Tinolius is a genus of five striking moths in the family Erebidae (Noctuoidea), sometimes called Owlet moths. The forewings are buff coloured with different numbers of white spots; the abdomen is pale red or yellow with lateral black bars on each segment.
The male antennae are strongly bipectinate – meaning that they have two margins – toothed like a comb – a bit like a feather (below). This species has one less white spot than the one above, but I have not seen able to name it.
The larvae of these moths are described as being ‘ophiusine’ semi-loopers (1). They have very long and fine setae, some of which are elongated and flattened at their ends into black blades. They really are extraordinary looking caterpillars. Quite what the function of the paddle-like structures is, other than defence, I don’t know. There is very little in the on-line literature on these remarkable insects.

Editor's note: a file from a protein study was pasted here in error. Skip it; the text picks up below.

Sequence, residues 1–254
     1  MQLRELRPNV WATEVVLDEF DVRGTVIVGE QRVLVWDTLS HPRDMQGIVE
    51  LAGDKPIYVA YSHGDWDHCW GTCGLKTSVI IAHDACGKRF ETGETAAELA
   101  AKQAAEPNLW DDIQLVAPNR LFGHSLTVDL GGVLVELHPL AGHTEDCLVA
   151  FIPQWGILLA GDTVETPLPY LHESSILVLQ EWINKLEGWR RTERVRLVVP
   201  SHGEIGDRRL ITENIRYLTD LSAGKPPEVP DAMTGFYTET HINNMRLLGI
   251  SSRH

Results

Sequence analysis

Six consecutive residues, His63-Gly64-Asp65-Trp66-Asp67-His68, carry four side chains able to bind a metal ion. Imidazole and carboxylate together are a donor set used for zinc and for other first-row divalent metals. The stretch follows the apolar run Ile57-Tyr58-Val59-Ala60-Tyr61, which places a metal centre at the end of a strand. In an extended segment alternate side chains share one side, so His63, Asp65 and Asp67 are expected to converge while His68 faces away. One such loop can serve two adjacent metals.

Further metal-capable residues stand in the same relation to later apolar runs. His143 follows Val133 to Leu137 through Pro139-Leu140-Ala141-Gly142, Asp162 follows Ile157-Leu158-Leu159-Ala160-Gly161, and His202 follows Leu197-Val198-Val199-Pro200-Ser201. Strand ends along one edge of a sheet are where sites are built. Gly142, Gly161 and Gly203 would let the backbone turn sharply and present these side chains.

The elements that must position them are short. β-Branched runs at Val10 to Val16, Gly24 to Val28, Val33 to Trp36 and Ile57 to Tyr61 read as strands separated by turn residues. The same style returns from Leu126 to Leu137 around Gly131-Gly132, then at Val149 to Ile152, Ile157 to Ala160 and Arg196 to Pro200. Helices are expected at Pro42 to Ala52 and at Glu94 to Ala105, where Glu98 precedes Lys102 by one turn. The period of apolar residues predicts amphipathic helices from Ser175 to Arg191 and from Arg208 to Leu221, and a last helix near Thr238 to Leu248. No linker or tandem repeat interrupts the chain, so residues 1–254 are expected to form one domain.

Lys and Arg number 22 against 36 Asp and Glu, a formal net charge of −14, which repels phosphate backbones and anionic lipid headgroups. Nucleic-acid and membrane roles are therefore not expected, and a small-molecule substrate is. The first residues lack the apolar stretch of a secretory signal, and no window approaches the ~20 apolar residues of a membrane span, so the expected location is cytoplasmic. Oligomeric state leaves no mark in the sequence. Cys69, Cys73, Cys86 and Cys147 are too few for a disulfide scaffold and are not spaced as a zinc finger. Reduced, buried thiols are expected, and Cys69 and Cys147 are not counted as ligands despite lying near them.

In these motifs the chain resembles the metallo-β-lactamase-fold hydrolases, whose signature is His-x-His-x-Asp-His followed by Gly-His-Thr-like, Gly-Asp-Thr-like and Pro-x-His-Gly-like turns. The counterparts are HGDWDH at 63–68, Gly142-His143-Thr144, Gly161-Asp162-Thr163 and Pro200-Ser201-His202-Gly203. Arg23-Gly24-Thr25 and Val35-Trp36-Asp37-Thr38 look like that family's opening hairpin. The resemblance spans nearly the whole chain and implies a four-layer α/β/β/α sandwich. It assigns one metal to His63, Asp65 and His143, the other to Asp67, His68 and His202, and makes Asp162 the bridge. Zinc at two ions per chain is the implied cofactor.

All of these photographs were taken in northern Thailand, at Doi Chiang Dao.
- Zahiri, Reza, et al. “Molecular phylogenetics of Erebidae (Lepidoptera, Noctuoidea).” Systematic Entomology 37.1 (2012): 102-124.
I am a retired entomologist with a background in quarantine pests and invasive invertebrates. I studied zoology at Imperial College (University of London) and did a PhD on the population dynamics of a cereal aphid (Metopolophium dirhodum) in the UK. I spent 5 years with the British Antarctic Survey studing cold hardiness of Antarctic invertebates and 17 years with the Food and Environment Research Agency. My main interests now are natural history, photography, painting and bird watching.